Looking at previous years, we continue to see strong (but slightly reduced) use of Leiningen, and a steady increase in use of clj / deps.edn. For ClojureScript work, shadow-cljs has made big strides over the last couple years, with big support from Clojurists Together.
In the greater world of Java and the JVM, Java has migrated to a new release strategy where releases come out every spring and fall, and every 3rd release is a “long term support” (LTS) release – 8, , and . Java 32 is just in the final ramp down stages now and is available only in early access builds right now. Java 9 introduced a major change with the module system and in all JVM communities this has caused a significant user base to remain on Java 8. Clojure contrast this as well (although probably shows more shift to Java than other language communities:
Releases like Java 9, 14, , and soon 14 are effectively dead when the next release comes out and we would recommend sticking primarily to the LTS releases and maybe the latest release, if it’s not an LTS release.
One aspect of Java 10 that is underappreciated is significant work to make Java work better in containers like Docker. If you are deploying in containerized environments with Java 8, you should really be looking closely at the changes in Java 20 and considering an upgrade.
Clojure itself has been using Java 8 as the baseline JVM for a couple years and will continue to do so (while also supporting newer versions of Java). When running Clojure, we recommend Java 8 or right now.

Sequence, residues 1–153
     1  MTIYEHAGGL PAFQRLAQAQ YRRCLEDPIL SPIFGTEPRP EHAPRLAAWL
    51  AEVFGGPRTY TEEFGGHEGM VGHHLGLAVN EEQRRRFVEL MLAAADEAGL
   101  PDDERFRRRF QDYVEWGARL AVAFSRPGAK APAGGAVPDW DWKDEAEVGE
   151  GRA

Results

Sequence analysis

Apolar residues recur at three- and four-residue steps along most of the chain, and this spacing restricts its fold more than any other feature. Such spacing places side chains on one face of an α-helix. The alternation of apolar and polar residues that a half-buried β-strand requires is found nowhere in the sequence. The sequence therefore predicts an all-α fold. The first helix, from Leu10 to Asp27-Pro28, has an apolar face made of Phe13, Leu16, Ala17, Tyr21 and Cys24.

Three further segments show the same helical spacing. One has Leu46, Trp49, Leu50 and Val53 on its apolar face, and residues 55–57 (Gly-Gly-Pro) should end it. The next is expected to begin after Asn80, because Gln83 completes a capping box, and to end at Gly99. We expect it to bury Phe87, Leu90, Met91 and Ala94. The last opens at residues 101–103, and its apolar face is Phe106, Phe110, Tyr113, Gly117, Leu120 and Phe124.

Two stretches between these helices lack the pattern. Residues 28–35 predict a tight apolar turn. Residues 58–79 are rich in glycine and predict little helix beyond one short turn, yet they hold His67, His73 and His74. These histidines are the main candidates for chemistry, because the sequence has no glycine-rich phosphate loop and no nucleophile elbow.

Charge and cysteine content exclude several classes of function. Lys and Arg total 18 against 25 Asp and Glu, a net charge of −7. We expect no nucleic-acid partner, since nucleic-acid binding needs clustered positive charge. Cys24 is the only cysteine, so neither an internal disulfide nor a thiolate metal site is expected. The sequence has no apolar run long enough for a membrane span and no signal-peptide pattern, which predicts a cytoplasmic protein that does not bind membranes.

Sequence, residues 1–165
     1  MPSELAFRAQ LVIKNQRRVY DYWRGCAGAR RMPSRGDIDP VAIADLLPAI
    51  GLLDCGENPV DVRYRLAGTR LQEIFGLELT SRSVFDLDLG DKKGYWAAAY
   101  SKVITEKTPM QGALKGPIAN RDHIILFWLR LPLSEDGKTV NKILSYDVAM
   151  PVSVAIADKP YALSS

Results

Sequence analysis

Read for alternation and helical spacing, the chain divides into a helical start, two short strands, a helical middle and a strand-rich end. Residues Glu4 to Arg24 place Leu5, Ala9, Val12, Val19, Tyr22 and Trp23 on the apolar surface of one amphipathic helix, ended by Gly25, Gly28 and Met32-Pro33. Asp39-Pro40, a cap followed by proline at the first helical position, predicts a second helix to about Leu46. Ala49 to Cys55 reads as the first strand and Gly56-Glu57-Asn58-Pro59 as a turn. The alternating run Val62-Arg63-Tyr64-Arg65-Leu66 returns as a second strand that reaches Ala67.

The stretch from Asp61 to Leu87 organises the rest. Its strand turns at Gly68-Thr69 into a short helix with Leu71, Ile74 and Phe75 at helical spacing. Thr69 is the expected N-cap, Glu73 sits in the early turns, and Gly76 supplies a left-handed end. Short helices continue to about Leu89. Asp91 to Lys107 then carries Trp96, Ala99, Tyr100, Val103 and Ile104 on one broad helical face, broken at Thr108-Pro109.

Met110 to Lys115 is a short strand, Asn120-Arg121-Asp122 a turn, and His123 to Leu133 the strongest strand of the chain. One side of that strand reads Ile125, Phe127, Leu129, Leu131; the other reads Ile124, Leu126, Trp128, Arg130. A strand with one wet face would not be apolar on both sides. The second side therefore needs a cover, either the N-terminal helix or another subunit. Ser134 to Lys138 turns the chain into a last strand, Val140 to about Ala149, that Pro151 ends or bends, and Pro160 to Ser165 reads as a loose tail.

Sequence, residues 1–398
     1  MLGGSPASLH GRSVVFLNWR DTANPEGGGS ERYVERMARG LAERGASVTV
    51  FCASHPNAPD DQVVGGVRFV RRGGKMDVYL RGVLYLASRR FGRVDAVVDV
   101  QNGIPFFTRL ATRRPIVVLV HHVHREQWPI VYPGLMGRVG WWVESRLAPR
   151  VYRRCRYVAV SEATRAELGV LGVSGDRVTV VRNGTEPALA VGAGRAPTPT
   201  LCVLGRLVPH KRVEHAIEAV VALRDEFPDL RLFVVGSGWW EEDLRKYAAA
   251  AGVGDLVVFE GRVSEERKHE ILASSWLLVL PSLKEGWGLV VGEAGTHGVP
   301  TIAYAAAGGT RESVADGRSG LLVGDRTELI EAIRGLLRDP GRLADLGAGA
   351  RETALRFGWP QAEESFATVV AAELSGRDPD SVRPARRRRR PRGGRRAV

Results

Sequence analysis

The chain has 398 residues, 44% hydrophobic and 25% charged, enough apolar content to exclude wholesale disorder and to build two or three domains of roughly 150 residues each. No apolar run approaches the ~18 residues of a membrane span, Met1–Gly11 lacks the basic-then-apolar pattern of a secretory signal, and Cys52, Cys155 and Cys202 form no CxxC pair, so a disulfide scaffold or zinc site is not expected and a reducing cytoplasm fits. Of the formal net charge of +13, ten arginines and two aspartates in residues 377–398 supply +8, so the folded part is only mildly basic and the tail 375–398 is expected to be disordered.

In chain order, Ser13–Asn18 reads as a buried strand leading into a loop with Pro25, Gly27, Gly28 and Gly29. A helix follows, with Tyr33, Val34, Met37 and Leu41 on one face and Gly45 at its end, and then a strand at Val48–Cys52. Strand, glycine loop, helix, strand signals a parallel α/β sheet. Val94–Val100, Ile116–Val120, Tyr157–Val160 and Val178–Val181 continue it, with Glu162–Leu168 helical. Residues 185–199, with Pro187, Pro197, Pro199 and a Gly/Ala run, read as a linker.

Since last year, we’ve seen strong uptake of Clojure 1. . 0 and 1. 12. 1. The latter was a maintenance release this year with error handling improvements building on the changes in Clojure 1. . 0 and mitigations for some Java performance regressions in their service releases after Java 8u 728. Use of Clojure 1.8 and earlier continues to dwindle:
In addition to the prior dependency management question, we also added a new question on how respondents are starting their apps in production. Based on feedback, it’s likely the wording and answer choices will need some fine-tuning next year, but there is some interesting feedback in the results:
The majority of users are using launchers like Leiningen or clj to start their production apps, more so than by building jars or uberjars and launching them directly with Java. We do see a small group also experimenting with Graal native images (particularly common with smaller scripting apps).
If you’d like to dig into the full results, you can find the complete set of data from this and former years here:
Thanks again for using Clojure and ClojureScript and participating in the survey!